UK

Virgin East Coast rail staff to strike on 3 October

Virgin East Coast train Image copyright PA
Image caption Virgin Trains East Coast operates services between London, the North East and Scotland

Workers on Virgin Trains East Coast are to stage a 24-hour strike on Monday 3 October, the RMT union has announced.

The union said the action was being taken over threatened job cuts, as well as disputes over working conditions and safety.

It said talks aimed at resolving the issues had failed and staff had been instructed not to work any shifts between 00:01 and 23:59 BST on the day.

Virgin Trains said it would be running a full timetable during the strike.

Virgin Trains East Coast, which operates services between London, the North East and Scotland, said it was making changes to customer-facing roles which would "see a single person take responsibility for the customer experience on our trains".

The RMT union claims the measures would lead to job cuts and impact on working conditions and safety measures which currently ensure a guard on every train.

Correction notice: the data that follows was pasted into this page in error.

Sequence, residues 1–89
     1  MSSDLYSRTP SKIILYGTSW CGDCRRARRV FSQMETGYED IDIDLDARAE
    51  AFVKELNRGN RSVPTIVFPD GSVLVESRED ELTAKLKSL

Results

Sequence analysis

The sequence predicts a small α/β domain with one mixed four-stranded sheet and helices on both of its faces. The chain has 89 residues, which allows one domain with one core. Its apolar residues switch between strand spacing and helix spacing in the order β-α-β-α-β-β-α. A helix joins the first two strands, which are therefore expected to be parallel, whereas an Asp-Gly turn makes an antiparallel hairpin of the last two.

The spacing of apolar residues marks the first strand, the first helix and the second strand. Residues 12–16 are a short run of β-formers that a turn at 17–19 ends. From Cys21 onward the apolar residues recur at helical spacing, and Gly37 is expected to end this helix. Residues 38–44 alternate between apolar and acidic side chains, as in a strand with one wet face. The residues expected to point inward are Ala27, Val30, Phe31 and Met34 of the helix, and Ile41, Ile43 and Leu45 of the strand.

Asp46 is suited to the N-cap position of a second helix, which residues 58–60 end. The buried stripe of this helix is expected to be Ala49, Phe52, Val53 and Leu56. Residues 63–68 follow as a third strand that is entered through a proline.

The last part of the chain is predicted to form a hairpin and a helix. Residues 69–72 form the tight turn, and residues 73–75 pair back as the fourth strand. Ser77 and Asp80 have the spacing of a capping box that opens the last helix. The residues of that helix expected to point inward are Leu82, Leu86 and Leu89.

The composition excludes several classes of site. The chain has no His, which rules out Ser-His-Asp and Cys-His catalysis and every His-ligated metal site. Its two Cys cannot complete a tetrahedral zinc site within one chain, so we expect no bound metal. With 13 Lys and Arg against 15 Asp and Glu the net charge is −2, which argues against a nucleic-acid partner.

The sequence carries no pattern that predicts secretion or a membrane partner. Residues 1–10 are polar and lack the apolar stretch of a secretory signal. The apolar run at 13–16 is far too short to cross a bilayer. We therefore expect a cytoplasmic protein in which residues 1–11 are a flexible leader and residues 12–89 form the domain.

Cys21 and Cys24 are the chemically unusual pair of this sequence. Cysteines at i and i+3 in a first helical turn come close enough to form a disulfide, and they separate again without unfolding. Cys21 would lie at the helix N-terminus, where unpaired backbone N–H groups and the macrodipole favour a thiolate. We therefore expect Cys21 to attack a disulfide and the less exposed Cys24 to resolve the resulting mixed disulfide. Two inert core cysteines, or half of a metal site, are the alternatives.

It said nearly 200 jobs were threatened by the cuts and remaining staff would be expected to cover the extra work.

RMT general secretary Mick Cash said: "RMT will not sit back while nearly 200 members' jobs are under threat and while conditions and safety are put at risk by a franchise which is clearly in financial trouble.

"We will also not tolerate the cavalier attitude to safety that is now on show as the company mobilises its scab army of managers."

Workers on Virgin Trains East Coast had planned three 24-hour strikes for August after 84% of workers voted in favour of a walk-out.

The industrial action was suspended after the RMT and Virgin Trains agreed to continue negotiations.

'Good faith'

Mr Cash added: "The union suspended an earlier programme of action when it looked like serious progress was being made in talks but that process has now failed to reach a satisfactory conclusion and we are back into industrial action as a result.

"We have been shocked at the way the company have led us up the garden path when we entered talks in good faith."

Virgin Trains said the changes would have "no impact" on safety and had assured the union there would be no compulsory redundancies.

It announced it had a "detailed contingency plan" that meant it could operate a full timetable during the strike.

David Horne, Virgin Trains East Coast managing director, said: "With our guarantees that there will be no compulsory redundancies, no impact on safety and a full timetable in place during the walk-outs, these strikes will cost RMT members pay for no reason, and we urge the union to rejoin us around the negotiating table."

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